This New York Times piece features a parent’s perspective on nesting, 3 years down the road.
Nesting involves parents separating, the children remaining in the home, while the parents rotate in and out of the home. In my experience, nesting is often only viable short-term. Because of the cost, sacrifice of privacy, and the complications of new relationships and blending families.
Ideally, nesting involves three homes as described in the article, and at a minimum requires two (one for the children and one alternated between the parents when not with the children).
Privacy suffers in the two-home scenario. Parents often feel like they never have a space all their own. Nesting involves a delicate balance of boundaries, trust, and respect – all of which can suffer in divorce.
Building a new relationship and family (whether blending children from separate marriages, later-born children, or both) around an existing nesting arrangement presents its own challenges. Will the new partner nest too? Does this require addition of a third residence (if only nesting with two)? Can nesting continue with the addition of other children?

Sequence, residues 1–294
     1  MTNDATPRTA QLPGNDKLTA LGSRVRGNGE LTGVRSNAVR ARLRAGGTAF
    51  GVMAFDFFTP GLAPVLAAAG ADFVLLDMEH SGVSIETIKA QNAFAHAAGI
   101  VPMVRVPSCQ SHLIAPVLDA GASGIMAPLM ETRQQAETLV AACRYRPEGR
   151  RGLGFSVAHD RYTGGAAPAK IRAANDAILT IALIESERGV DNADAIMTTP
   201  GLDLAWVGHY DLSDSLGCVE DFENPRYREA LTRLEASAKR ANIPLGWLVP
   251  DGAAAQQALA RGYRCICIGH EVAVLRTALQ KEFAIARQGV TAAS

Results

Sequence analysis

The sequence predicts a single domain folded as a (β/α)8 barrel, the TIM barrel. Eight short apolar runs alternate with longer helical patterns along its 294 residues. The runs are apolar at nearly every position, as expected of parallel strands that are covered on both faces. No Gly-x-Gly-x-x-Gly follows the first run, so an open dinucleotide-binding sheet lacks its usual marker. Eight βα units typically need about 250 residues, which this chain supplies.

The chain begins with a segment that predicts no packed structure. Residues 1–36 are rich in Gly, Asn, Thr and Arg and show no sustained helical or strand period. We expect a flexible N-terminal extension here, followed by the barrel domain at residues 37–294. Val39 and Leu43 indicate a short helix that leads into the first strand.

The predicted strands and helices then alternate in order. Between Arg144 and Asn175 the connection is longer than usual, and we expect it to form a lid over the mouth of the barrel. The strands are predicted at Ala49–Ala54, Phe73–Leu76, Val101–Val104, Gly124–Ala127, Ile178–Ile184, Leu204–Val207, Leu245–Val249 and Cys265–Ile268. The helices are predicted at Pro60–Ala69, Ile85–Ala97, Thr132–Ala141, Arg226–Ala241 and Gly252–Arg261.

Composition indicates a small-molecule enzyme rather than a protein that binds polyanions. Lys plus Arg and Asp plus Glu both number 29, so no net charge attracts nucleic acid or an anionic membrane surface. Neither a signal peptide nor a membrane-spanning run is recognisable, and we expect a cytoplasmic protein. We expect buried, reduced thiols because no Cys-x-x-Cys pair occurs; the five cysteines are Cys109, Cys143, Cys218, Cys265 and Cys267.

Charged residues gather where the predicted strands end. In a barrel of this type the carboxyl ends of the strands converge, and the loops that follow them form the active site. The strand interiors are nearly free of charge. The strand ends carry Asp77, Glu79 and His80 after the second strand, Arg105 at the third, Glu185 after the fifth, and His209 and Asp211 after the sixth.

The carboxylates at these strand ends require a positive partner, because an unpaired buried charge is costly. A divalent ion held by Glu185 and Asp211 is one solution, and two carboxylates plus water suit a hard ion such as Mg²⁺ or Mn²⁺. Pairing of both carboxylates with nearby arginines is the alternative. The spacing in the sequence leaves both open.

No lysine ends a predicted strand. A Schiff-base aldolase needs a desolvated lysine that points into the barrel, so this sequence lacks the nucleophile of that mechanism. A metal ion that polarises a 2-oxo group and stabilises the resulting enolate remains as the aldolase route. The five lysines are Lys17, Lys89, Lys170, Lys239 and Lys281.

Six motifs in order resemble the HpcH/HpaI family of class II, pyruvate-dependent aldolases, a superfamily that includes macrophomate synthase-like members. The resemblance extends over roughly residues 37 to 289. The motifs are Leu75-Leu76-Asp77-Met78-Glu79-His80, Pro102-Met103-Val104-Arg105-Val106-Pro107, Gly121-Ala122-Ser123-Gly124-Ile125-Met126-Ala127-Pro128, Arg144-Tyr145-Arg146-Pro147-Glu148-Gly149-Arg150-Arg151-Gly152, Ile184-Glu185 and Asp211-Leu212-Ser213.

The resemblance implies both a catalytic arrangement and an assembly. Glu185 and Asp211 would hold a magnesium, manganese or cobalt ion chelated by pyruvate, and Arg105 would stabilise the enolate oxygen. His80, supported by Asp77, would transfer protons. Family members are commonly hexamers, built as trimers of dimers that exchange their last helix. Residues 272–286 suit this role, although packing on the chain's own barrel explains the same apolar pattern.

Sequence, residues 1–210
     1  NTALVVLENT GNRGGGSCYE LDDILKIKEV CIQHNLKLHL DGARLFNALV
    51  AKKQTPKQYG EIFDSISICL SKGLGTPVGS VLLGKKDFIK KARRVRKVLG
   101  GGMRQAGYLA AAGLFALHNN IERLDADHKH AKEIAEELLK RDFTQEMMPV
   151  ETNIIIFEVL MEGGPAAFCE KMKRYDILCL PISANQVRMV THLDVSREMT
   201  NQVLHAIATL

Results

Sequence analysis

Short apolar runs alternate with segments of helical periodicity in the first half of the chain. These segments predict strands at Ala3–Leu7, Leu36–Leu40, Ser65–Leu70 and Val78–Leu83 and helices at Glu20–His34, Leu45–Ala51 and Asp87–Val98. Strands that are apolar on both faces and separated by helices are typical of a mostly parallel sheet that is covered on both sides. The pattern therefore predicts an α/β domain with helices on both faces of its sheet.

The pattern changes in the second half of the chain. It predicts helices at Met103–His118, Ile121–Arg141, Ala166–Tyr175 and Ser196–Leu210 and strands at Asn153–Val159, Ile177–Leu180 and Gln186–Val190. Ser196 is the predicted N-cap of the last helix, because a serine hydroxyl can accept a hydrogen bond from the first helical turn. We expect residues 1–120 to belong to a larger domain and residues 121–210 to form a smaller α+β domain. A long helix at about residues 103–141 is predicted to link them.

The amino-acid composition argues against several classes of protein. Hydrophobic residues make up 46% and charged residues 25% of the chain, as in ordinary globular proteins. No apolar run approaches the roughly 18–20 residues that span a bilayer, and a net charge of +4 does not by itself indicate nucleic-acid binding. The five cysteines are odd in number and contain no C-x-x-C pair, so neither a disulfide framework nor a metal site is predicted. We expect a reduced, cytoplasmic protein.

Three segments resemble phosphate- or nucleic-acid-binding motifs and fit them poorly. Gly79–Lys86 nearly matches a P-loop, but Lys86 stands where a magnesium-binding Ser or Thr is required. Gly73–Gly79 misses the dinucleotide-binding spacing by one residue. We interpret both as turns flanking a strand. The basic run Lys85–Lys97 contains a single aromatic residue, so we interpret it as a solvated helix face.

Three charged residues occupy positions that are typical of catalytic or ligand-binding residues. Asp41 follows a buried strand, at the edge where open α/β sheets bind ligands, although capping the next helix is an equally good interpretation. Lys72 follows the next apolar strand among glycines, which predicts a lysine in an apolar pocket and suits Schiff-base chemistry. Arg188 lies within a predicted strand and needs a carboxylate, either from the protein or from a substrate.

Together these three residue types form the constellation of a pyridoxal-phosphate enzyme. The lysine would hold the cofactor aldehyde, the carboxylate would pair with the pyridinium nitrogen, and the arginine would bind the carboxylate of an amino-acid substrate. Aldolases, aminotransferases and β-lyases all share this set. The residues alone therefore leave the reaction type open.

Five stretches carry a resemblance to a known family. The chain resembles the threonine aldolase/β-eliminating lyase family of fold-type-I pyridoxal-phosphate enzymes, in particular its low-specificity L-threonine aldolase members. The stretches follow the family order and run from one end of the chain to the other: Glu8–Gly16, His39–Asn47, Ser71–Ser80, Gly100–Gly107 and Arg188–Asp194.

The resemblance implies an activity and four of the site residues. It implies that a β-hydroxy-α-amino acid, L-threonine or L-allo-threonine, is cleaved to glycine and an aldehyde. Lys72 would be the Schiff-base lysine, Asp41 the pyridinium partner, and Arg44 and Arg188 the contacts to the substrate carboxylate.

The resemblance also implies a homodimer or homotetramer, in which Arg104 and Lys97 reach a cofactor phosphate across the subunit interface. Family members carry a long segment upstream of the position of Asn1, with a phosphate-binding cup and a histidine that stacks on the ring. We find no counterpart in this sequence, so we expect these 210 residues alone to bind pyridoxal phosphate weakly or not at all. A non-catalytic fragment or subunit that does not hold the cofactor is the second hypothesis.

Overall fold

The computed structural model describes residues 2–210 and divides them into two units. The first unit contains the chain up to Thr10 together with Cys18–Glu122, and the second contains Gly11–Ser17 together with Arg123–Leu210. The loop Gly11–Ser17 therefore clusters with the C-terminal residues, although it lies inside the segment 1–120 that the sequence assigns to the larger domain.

Parents who choose and agree upon a living arrangement and schedule that works for both of them and their children will have greater success than those upon whom these are imposed by a court. Even if the arrangements appear unusual to outsiders.
This article’s author and her spouse are to be commended on their 3 years of nesting success. The author makes a good point – that nesting will continue until they, as parents, decide not to. In Maryland, such arrangements are always modifiable – by agreement of the parents or by a court – if there is a material change in circumstance requiring a change to suit the children’s best interests.
Flexibility borne of the need to put one’s children, and their changing needs, first.